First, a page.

In contrast, where I'm interning this summer, there are a ton of PhDs as there are MScis, and I didn't meet anyone in my department (they flew me down for my interview) that didn't have and wasn't pursuing a graduate education. (That said, I was only on campus for about 2 hours and I didn't tour the facility for my group - and only talked to the individuals that had been invited to the "Meet and Greet" session.) In fact, one of the things emphasized to me is that they've got several programs in place for individuals who wish to get their PhD while on the job. It's considered very prestigious and a good career move to do so (there is a point in the food chain where a PhD is a requirement to advance).

BUT, it's a company that does a ton of R&D.

And the group I'm with is a little ... different ... because many of them played the discipline switching game in grad school (primarily going from EE to ME or vice versa).
Mar. 31st, 2007 12:06 am (UTC)
(I meant to mention: I'm working on my MSci, as is the other intern they hired.)
Mar. 30th, 2007 07:29 pm (UTC)
I have a masters in Mech E. I've occasionally thought about going back for a PhD - I did enjoy the research I did for my masters and I miss that and in some ways I'd like to do more. and the last time I was jobsearching I did find that the high level research jobs (like at government labs) did require a PhD. But I think I've decided that staying in industry (at least for now) is probably good enough for me and may very well make me happier in the end.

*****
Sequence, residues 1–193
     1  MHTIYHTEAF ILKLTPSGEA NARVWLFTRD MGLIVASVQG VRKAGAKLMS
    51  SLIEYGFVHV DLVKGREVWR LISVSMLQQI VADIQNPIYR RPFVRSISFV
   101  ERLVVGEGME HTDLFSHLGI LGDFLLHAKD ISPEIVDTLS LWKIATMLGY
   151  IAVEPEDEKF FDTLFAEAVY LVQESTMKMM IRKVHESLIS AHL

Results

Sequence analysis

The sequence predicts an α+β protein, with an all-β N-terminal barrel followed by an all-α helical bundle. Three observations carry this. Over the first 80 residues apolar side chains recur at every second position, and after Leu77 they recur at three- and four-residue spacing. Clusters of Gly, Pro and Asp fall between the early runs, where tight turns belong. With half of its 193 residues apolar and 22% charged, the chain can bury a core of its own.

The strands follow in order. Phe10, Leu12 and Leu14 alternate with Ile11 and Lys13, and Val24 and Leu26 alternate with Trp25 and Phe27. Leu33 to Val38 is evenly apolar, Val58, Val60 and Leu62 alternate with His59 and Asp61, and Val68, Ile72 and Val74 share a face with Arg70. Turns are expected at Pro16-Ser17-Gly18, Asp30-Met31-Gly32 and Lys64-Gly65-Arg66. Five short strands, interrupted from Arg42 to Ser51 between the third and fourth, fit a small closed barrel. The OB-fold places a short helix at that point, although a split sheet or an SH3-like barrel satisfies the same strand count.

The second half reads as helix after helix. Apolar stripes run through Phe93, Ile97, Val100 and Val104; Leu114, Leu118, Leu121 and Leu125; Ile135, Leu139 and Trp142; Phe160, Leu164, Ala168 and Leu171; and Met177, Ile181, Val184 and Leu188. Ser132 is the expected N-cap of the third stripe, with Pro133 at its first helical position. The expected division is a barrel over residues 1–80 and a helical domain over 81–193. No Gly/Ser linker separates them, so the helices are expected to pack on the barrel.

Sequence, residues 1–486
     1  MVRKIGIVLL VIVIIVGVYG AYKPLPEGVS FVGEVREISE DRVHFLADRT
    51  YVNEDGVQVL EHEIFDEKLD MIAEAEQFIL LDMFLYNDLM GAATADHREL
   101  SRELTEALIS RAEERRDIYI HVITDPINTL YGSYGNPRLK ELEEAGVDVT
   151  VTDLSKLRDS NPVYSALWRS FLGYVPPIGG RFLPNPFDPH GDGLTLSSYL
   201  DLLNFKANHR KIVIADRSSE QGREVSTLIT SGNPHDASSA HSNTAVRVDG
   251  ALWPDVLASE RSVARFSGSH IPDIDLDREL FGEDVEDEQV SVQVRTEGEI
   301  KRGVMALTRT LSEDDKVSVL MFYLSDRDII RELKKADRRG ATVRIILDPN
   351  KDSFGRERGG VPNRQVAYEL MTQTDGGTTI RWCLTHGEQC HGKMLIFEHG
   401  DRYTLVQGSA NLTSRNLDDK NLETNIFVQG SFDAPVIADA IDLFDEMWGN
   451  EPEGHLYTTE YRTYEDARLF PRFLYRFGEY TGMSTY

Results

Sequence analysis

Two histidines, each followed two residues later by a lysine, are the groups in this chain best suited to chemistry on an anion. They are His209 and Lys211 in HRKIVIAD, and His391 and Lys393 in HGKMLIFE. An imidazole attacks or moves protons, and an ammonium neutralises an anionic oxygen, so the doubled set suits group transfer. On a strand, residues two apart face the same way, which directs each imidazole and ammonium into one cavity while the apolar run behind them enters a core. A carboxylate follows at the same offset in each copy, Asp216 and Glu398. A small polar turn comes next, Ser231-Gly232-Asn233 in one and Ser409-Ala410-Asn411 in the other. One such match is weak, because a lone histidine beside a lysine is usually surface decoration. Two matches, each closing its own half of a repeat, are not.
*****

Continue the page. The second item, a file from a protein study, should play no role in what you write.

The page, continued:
My current job is pretty boring though. Need to get off my butt and look for a better one.
Mar. 30th, 2007 07:46 pm (UTC)
Two of my coworkers (large aerospace company) have PhD's. One is... frustrating, to say the least. He clearly thinks he's better than all of us, he's condescending, and he really doesn't do any work because he thinks he's above that. I would say that his PhD was just expensive ego-stroking and did not do anything to improve his worth as an employee or a human being. (I probably wouldn't be quite so harsh on a different day, but he's been extra-rude today.)

The other coworker is one of the smartest guys I know at this company. He works hard and he has the knowledge to back it up. I do think that his PhD gets him a little more respect around here, because there aren't a lot of engineering PhD's in our area.